136 Cloudy or Not, Here Comes the Meteorology!

Monday, 8 January 2018
Exhibit Hall 3 (ACC) (Austin, Texas)
Teresa M. Bals-Elsholz, Valparaiso Univ., Valparaiso, IN; and K. H. Goebbert and A. J. Stepanek

Gas laws, saturation vapor pressure of water versus ice, the Bergeron process, condensation, a cloud. Some simple tools make it possible to demonstrate these complex ideas in the introduction to meteorology classroom and at outreach events. The most mobile demonstrations are for clouds in a bottle. A bicycle pump, a cork, and a 2-liter bottle are all that is needed for a big bang impact to demonstrate pressure, temperature and density changes (and to get a cloud). Slightly more involved, a cloud chamber with vacuum pump and a small whiff of smoke exhibits the role of cloud condensation nuclei in the cloud process. In a dark lab room, a small chest freezer, a flashlight and dry ice create an almost magical demonstration of the Bergeron process. Students create a supercooled cloud, add ice-like crystals from dry ice, and see the evaporation of the water cloud and deposition of the ice cloud.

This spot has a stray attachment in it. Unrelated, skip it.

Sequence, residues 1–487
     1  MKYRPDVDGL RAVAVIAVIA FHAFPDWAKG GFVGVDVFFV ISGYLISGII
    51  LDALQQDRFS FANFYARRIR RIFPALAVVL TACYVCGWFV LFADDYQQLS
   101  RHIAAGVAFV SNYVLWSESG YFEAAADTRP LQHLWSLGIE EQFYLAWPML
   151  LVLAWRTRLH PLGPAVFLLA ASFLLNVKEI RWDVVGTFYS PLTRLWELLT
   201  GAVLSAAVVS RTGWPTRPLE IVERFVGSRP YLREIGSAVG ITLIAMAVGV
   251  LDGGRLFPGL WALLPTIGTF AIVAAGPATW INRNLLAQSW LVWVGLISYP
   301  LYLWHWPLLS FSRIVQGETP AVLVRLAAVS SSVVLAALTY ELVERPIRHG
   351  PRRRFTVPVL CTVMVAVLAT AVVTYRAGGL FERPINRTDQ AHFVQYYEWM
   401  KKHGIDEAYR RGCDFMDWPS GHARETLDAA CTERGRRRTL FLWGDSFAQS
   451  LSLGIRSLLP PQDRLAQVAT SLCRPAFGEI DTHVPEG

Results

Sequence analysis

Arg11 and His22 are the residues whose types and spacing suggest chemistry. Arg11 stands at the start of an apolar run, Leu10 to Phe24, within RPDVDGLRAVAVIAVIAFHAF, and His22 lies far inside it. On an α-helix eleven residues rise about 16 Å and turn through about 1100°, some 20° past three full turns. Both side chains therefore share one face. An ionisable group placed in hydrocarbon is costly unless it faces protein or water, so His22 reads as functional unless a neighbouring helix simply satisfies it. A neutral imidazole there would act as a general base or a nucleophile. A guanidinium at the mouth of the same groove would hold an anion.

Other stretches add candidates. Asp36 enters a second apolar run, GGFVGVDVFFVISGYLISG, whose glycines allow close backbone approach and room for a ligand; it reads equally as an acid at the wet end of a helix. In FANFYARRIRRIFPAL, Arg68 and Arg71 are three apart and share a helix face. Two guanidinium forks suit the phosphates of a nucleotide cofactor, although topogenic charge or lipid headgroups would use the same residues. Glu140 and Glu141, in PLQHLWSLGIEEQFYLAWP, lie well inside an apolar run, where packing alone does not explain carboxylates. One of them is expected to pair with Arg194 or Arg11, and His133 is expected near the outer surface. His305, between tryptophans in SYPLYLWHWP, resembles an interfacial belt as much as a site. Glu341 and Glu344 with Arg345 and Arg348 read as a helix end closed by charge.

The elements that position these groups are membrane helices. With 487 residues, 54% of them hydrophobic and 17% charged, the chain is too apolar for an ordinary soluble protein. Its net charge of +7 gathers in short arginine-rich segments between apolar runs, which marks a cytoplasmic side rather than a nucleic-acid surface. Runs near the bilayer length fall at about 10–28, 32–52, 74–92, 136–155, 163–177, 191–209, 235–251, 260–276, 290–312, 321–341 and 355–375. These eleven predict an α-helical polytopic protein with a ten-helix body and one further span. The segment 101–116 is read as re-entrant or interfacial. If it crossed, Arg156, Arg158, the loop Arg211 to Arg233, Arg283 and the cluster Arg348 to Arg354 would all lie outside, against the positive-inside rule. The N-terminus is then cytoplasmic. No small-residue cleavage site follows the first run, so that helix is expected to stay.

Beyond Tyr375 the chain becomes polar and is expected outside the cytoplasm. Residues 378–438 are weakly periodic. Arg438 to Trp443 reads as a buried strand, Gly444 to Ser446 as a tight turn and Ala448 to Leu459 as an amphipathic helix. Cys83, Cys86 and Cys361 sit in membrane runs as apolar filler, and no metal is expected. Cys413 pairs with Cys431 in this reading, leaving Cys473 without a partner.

All three demonstrations are appropriate for a college introductory meteorology class, though the principles remain intact through all levels. The clouds in a bottle are appropriate for K-12 when explained at the proper knowledge level.

We intend to demonstrate the clouds in a bottle during the session and will need a table. We will show a video of the Bergeron process in a chest freezer and will need a video screen (or we can run it on our laptop screen).

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